A journalist for a Western newspaper in Moscow was running late for an important meeting at the Kremlin for which he had waited a long while. On his way he was stopped by the traffic police for some real or invented infraction. In a hurry, the reporter negotiated a modest bribe—but found he had nothing smaller than a 1,000 rouble ($30) note in his wallet. Inspired by desperation, he agreed to pay 1,000 roubles in exchange for a ride to the Kremlin in the police car, with sirens blaring, to make sure he would be on time. The policeman tried to hold out for 1,500 roubles, but the steely nerved journalist got his ride for his offer price.
Journalists can be on the receiving end of bribes, too, to ensure favourable coverage. A former Africa correspondent for The Economist says that in Nigeria, one of the world's most corrupt countries, journalists are given hundreds of dollars in brown envelopes “for expenses” simply to attend press conferences. An ocean away, Armstrong Williams, an American columnist and television host, was paid $240,000 by the Department of Education to comment “regularly” on “No Child Left Behind”, an education-reform bill. He claimed that he was not a “journalist” but a “commentator”, but conceded that the deal had been ill-judged. Similarly, Maggie Gallagher, another conservative columnist, was paid to promote the Bush administration's “healthy marriage” programme. When challenged, she asked, “Did I violate journalistic ethics by not disclosing [the contract]? I don't know. You tell me.”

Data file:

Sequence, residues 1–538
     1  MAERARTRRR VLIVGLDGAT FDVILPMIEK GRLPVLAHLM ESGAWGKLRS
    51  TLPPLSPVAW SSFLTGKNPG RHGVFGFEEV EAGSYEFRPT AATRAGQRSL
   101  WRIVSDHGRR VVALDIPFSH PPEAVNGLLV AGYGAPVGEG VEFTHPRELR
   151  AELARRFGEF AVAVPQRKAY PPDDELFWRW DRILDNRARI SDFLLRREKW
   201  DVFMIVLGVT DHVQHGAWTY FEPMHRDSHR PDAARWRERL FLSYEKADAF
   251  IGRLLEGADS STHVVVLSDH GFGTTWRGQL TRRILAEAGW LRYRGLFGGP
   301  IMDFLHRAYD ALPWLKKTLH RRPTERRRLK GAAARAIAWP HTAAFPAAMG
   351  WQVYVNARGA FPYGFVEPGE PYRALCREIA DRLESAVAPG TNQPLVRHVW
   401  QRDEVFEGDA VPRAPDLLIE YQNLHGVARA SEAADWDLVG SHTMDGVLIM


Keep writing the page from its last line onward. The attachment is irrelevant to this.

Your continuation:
The Economist lays down clear rules for its journalists. An envelope stuffed with cash, much less a $240,000 contract, would be inappropriate. Any gift, says the policy, must be consumable in a single day. So a bottle of wine is acceptable, a case of wine is not.
Rich Westerners may not think of their societies as plagued by corruption. But the definition of bribery clearly differs from person to person. A New Yorker might pity the third-world businessman who must pay bribes just to keep his shop open. But the same New Yorker would not think twice about slipping the maître d' $50 to sneak into a nice restaurant without a reservation. Poor people the world over are most infuriated by the casual corruption of the elites rather than by the underpaid, “tip”-seeking soldier or functionary.
Indeed, in the world's richest economy, what many see as simple bribery is an integral part of lawmaking. In Washington, DC, it is accepted that a lobbyist's generous campaign contribution to a crucial congressman may help to steer some spending to the lobbyist's client.